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Photoshop layers are like sheets of stacked acetate. You can see through transparent areas of a layer to the layers below. You move a layer to position the content on the layer, like sliding a sheet of acetate in a stack. You can also change the opacity of a layer to make content partially transparent.
The Layers panel is dense with buttons, sliders and other controls. We’ll explore these in class. Layers can be locked in five different ways, like locking transparency, locking position and more.
Layer organization and stacking order is a whole other area to master. Naming layers is important for your own work and even more for collaboration. This is a must-read if you want to respect industry-standard Photoshop etiquette.
- Pick a filter type
- Filter for pixel layers
- Filter for Adjustment Layers
- Filter for type Layers
- Filter for shape Layers
- Filter for Smart Objects
- Turn filtering on/off
These buttons are especially useful when you have a large number of layers in your Photoshop file. You can click one of them to see only that type of layer. As an example, you can vew only Adjustment Layers.
This doesn’t turn on/off the visibility on the canvas. It only filters the layers in the panel.
Blend Modes determine how the pixels on a layer above mix with pixels on the layer below. They can also be used with an individual tool. So, you can brush in a specific blend mode. This is Adobe’s detailed descriptions of each Blend Mode.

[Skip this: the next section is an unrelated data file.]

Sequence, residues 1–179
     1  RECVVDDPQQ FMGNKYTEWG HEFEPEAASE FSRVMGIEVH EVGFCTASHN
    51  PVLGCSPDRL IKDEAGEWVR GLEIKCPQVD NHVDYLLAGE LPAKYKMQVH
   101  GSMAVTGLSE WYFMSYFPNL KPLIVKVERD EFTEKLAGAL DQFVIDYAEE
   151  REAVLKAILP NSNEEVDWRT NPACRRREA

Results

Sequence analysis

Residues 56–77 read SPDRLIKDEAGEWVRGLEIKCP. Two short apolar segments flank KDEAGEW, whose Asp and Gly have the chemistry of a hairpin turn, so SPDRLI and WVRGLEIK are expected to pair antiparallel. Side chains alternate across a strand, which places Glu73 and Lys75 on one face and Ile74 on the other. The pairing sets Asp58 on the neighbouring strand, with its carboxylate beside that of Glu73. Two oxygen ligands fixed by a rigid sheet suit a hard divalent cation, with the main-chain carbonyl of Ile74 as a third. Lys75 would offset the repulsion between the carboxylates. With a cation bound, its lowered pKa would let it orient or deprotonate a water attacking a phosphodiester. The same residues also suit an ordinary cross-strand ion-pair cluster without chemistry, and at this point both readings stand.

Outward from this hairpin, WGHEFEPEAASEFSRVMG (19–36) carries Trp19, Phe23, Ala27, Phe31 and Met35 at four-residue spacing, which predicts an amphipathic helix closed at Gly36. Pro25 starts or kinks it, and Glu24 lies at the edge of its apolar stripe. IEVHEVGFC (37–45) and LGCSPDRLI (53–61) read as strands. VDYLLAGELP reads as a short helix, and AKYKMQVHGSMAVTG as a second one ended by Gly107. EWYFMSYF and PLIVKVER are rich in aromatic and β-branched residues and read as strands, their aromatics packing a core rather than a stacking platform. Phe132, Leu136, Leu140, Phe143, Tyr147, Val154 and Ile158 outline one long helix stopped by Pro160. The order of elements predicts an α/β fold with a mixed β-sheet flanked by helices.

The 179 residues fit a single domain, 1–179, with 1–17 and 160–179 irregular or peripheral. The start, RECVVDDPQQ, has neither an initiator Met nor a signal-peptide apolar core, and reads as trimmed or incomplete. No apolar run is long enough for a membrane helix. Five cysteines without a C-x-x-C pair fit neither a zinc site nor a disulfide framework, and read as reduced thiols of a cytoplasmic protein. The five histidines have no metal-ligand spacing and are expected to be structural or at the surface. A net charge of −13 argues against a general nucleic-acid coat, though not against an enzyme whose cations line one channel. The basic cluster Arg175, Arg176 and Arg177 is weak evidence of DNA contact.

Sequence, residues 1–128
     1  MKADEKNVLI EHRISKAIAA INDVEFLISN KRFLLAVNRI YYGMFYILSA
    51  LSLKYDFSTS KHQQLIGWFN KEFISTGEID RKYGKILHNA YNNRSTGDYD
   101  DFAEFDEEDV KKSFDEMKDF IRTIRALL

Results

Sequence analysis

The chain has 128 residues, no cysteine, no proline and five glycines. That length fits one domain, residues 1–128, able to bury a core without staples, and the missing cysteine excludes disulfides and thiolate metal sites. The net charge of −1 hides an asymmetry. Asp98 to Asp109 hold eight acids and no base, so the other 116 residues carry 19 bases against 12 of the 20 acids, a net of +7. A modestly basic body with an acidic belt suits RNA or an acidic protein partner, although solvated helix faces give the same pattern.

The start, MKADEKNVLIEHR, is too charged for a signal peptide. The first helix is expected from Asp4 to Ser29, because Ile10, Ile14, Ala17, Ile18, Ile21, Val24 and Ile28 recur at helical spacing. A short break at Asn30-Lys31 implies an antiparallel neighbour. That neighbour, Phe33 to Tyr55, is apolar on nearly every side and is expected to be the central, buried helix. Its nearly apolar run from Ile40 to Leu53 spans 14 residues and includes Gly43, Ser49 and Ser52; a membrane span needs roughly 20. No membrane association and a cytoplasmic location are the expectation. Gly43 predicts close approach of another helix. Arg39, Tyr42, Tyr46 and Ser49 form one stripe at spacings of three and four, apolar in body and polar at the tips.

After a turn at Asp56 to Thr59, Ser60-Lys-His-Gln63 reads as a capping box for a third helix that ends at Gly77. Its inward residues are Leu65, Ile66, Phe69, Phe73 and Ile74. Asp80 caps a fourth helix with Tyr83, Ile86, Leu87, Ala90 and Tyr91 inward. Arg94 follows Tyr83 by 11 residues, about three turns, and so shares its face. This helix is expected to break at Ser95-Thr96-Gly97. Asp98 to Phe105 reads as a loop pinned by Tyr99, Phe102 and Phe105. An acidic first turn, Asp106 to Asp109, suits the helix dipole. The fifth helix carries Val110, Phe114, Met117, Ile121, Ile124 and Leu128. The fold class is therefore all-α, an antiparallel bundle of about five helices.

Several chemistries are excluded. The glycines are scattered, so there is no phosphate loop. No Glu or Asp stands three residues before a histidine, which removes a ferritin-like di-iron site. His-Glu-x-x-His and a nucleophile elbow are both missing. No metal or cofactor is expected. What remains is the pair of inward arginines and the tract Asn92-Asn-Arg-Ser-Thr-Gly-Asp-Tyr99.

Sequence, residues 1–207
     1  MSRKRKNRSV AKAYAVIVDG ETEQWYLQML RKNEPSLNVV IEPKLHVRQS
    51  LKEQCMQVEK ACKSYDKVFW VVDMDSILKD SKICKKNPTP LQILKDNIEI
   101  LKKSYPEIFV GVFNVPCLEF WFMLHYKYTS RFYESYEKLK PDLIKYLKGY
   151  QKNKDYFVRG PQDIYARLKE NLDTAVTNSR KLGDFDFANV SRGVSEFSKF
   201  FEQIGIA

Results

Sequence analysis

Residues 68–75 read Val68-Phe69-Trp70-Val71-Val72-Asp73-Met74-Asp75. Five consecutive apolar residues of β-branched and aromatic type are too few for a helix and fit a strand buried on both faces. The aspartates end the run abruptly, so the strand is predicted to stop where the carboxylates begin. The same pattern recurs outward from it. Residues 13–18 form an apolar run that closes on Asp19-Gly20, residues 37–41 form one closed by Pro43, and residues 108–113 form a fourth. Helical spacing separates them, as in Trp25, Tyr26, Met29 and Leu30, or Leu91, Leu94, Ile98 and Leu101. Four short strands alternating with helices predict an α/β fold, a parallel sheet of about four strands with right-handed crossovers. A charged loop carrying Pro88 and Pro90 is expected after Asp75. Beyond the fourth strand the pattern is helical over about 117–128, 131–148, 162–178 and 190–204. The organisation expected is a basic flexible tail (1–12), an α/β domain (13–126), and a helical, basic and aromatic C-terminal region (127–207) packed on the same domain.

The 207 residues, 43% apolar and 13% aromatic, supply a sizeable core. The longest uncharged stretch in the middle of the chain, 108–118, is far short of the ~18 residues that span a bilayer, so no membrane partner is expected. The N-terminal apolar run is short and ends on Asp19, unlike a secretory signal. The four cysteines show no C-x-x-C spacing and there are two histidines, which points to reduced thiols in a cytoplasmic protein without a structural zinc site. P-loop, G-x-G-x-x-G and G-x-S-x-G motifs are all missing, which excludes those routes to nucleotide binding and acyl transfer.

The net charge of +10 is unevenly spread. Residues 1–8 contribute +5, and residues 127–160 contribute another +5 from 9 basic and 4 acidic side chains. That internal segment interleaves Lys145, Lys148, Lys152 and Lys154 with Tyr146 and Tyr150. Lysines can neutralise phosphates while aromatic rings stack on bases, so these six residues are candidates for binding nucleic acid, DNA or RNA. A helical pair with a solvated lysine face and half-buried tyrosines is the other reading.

- Lock transparent pixels: When you paint, only pixels get painted. Transparency isn’t affected.
- Lock pixels: Where there are pixels, you can’t paint. You can move them.
- Lock position: You can’t move things with the Move Tool. You can paint them.
- Artboards: Prevent auto-nesting into and out of Artboards.
- Lock everything: You can’t paint or move anything.
These locks are different from the one at the bottom of the Layers panel. These lock the ability to move or paint a layer. The chain link at the bottom of the panel link layers together so them move together.
Opacity & Fill
Opacity is transparency. Lower it and the contents of the whole layer become translucent or transparent.
Fill mostly works exactly like the Opacity control. The major difference is that it doesn’t affect effects. So, if you have Fill set to 0, the photo will disappear, but its Drop Shadow will show.
Bottom of the panel
- Lock layers so they move together with the move tool. This doesn’t prevent them from being painted on.
- Layer Effects, like Drop Shadow.
- Add a Layer Mask.
- Add Adjustment Layers.
- Create Layer Groups. These are folders to organize your layers.
- Create a new Layer. Option-click on it to name the layer on creation.
- Delete a layer. You can also simply target the layer, then use the Delete key.
Let’s build the file below to get the hang of creating and managing different types of layers.
Start by creating a letter-sized landscape document.
We’ll drag the photos into our canvas so they become Smart Objects. This allows for non-destructive resizing.
We need to create guides to line up all of our content in a structured layout. Go View > New Guide Layout…
We’ll use the Free Transform command to resize photos to fit our grid.
Use the vector rectangle tool to create a rectangle behind the four photos. We can use the fill controls in the Control Bar to choose a colour.
Next, we’ll apply a stroke effect to the four smaller photos. To do this, go to the Fx menu at the bottom of the Layers panel and choose Stroke.
Add an 8pt white stroke to the photos. We’ll then copy the effect to each of the thee other photos.
You can change the colour of your type from the colour control in the Control Bar. Target your type tool and the type layer to do so.
Lastly, we can make our title graphic stand out a bit more with Layer Effects. We can use a Colour Overlay and an Outer Glow or a Drop Shadow.
There we go. We’ve successfully used the Layers Panel to create a layout in Photoshop in a non-destructive workflow.